LOCAL Alireza speaks powerfully for the rights of the LGBTQ+ community inside Iran and out. We will continue to stand in support of Alireza.” Feizi added: “I’m shocked that the Iranian regime that drove him from his home country has now found another way to silence him and his pro-LGBTQ art in France, supposedly a bastion of free speech and liberalism. The PaykanArtCar will not stop advocating for the rights of those oppressed inside Iran and we will continue to display this car.” Feizi knows she cannot let moments like these take away from what the group has accomplished thus far. “It’s been very eye opening and touching the support we’ve gotten,” she said. “And also the negative comments, which I also see as a posi(Photo courtesy PaykanArtCar, LLC) tive because I think that any discourse is good. Let’s talk about it. Let’s put the LGBTQ community topic on the for Iranians.” He added that Shojaian’s “work is going to be in art history.” ISOmap 12647-7 Digital Control Strip 2009 100 60 100 70 30 100 60 100 70 30 100 60 100 70 30 100 40 100 40 70 40 70 40 40 40 70 40 40 70 40 70 40 40 3 25 50 75 100 A Of course, Feizi hasn’t been able to push her message without help from others. In addi-40 100 40 However, both Feizi and Forouzandy know that10the PaykanArtCar will not90stop here. “The tion to Shojaian and Wallace, Feizi has also had the unwavering support of Matt Forouzanconcept of Paykan is going like beyond one artist because they want to focus on Iranian dy, the Artistic Director and Curator for both 3.19.27(2) and Paykan. queer rights,” Forouzandy said. “They’re gonna pass the peg on to so many different artists “Matt has been a big supporter who has been putting his own time and his own energy and each piece of artwork will be a piece of a puzzle to show the bigger picture.” into this,” she said. Specifically, Feizi wants to continue to tour the car around the world to bring “Iran huB 100 100 60 100 100 70 70 30 30 100 100 60 100 100 70 70 30 30 100 100 60 100 100 70 70 30 30 100 40 100 40 40 100 10 40 40 20 70 70 70 70 40 70 40 40 0000 3.1 2.2 2.2 10.2 7.4 7.4 25 19 19 50 40 40 75 66 66 100 100 100 80 70 70 100 Forouzandy, a gay man from Iran, told the Blade that he and his organization 3.19.27(2) man rights issues to the eyes of the public.” From the Canadian parliament and the U.S. were very interested in the PaykanArtCar from the beginning. Congress to Oslo and the rest of Europe, she has big dreams for the car and what it could “[3.19.27(2)] looks for artists being censored, artists speaking out about homophobia, mean for Iranians. women rights, stuff like that,” he said. “So, we were very interested from the beginning of “I want a change in Iran,” she said. “I want a better Iran in the future where everybody is T:10"equal and human rights and human dignity is respected.” what PaykanArtCar was doing.” 3%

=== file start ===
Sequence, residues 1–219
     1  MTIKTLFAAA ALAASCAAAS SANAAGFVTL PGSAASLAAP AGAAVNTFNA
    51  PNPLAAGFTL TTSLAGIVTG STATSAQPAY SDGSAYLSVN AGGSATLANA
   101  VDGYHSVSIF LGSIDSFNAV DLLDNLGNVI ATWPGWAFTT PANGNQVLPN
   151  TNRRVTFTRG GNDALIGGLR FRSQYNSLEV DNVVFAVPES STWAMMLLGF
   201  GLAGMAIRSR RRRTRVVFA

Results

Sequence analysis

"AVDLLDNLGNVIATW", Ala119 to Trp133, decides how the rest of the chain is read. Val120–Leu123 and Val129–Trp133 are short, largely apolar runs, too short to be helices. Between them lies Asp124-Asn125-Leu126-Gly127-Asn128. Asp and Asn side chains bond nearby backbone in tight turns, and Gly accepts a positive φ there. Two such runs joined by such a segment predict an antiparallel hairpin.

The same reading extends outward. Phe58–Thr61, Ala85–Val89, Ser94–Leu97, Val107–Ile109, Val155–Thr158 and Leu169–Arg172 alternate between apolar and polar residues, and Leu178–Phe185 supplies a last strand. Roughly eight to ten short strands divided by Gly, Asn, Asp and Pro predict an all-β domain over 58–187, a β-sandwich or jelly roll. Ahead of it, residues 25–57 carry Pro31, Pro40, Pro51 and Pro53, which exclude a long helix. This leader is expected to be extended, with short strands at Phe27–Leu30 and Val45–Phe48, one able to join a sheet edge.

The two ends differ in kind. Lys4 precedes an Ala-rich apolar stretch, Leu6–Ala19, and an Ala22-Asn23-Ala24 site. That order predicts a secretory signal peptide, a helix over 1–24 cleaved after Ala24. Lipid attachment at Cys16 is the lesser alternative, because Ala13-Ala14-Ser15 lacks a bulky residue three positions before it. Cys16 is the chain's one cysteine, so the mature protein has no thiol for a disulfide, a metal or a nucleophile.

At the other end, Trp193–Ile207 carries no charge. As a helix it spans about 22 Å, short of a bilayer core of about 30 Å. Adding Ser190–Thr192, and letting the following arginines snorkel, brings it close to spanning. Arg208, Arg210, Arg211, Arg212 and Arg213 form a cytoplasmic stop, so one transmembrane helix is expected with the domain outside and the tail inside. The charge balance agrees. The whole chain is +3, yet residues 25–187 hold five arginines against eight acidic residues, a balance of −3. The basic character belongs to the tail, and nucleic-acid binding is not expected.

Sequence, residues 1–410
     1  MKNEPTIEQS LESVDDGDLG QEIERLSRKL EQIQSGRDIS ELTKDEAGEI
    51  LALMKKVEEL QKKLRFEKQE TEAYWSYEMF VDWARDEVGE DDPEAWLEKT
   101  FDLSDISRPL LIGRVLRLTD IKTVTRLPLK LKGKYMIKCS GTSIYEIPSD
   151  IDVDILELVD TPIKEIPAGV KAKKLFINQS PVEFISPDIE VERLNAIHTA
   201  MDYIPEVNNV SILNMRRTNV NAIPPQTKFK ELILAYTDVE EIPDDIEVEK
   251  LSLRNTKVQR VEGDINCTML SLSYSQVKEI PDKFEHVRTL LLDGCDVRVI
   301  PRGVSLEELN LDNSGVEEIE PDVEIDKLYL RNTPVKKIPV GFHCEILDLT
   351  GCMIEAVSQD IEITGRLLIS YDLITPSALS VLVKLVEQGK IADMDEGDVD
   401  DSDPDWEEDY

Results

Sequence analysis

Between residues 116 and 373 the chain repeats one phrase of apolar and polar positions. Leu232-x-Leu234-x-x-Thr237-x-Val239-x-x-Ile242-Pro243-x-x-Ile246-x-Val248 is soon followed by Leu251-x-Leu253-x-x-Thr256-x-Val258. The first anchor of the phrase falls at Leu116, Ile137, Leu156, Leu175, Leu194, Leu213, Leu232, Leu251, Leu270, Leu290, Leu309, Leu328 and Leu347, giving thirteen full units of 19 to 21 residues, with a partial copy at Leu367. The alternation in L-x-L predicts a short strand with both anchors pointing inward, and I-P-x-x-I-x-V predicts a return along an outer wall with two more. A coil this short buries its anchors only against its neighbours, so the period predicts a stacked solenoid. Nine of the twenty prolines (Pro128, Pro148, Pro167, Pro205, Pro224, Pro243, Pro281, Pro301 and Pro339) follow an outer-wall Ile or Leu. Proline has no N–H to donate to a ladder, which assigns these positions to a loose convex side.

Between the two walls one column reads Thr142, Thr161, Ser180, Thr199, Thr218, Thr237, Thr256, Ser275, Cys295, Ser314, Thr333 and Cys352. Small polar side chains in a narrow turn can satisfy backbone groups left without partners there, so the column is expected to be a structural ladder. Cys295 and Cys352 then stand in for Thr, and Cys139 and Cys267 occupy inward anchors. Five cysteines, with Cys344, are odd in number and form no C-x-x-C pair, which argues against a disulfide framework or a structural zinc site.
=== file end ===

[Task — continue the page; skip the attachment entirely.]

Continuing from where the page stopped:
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New laws take effect in California for 2022